Most times, you go to a baseball game hoping to see something you've never seen before. But what happens if the game is sponsored by something you've been forced (pardon the pun) to see before and didn't really enjoy the first time?
That the 16-inch game is physically demanding and indigenous to Chicago adds to its appeal. New Yorkers don’t play it. Angelenos don’t play it. Calloused Chicagoans with broken fingers, gnarled knuckles, and giant calves do.
If it's true that there are no second acts in American life, then what is former Chicago White Sox slugger Frank Thomas doing putting his name on a high-alcohol specialty malt liquor? And, more to the point, why is anyone drinking this stuff?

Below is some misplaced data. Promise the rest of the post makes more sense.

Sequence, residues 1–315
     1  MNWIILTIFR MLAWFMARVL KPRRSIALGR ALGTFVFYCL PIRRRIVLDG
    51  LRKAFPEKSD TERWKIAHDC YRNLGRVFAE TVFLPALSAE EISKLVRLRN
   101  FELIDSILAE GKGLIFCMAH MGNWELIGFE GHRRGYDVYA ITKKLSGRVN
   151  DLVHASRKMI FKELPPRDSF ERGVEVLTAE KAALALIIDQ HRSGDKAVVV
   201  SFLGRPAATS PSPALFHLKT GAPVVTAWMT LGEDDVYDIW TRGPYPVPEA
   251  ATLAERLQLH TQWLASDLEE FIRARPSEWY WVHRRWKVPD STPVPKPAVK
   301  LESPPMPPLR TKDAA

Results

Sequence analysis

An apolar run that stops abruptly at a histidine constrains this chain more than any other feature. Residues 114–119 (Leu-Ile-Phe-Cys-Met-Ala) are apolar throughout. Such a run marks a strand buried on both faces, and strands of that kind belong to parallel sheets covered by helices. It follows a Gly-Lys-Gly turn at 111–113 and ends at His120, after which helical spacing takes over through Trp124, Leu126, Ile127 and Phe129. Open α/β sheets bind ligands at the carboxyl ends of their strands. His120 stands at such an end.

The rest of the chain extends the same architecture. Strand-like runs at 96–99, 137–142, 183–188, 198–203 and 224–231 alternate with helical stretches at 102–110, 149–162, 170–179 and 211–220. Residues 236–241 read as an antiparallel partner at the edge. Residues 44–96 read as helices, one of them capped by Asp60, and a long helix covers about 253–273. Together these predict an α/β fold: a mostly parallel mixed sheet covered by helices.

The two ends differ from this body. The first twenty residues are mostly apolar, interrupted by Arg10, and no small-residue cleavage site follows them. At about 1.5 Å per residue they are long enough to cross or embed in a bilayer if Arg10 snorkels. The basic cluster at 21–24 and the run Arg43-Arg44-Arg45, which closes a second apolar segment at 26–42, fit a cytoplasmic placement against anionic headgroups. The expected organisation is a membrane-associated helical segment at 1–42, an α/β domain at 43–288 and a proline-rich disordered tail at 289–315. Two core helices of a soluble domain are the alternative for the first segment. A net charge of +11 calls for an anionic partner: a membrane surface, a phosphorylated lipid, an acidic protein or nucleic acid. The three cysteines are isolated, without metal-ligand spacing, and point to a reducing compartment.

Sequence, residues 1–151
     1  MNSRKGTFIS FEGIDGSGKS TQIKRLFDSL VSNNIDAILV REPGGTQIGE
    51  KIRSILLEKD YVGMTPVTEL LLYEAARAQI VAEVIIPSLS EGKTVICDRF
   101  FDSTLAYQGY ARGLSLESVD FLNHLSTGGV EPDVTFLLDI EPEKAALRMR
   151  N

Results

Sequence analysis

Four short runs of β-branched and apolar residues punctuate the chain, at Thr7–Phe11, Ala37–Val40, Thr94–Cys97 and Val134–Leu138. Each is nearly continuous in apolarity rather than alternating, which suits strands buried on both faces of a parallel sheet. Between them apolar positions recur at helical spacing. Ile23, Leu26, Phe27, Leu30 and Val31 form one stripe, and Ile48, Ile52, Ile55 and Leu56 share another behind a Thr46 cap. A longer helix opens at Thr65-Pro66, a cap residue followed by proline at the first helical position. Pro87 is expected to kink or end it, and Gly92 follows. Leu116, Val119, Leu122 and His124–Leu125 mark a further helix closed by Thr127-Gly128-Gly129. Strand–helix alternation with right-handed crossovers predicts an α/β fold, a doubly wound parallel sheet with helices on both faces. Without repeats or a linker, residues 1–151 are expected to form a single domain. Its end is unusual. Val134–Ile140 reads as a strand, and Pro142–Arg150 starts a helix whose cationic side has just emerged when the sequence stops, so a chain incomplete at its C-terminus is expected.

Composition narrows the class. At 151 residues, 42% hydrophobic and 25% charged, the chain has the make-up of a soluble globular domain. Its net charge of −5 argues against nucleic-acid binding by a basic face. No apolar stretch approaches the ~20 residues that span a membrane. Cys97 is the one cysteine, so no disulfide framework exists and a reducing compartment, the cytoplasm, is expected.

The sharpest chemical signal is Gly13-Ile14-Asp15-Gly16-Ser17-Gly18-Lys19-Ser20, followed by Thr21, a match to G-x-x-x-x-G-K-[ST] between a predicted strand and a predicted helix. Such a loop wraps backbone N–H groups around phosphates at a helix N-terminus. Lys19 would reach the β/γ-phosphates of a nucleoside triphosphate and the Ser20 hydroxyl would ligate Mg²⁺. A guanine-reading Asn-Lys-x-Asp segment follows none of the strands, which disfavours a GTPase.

Friend-of-Classical Dmitry Samarov has been steadily putting together new stories and images for his next book, but the thing is: It's really hard to write while you're driving a cab, what with all the traffic laws and overly refreshed 4 a.m. fares to wrangle.
He'll never be mistaken for Kevin Love, but after a decade as a NBA meme made pasty flesh, Brian Scalabrine has proven that he's something more, and more complicated, than an exceptionally well-paid human meme.
The big news last week before the MLS’s Chicago Fire flew south to Florida to begin their winter training camp was not a star player signing, or a new coach, or an addition to their Toyota Park home. On Tuesday, it was revealed that The Quaker Oats Company (a tentacle of PepsiCo) would pay the Fire at least $7.5 million to place their name and Quaker Larry’s smug face across the chests of their players for the next three years.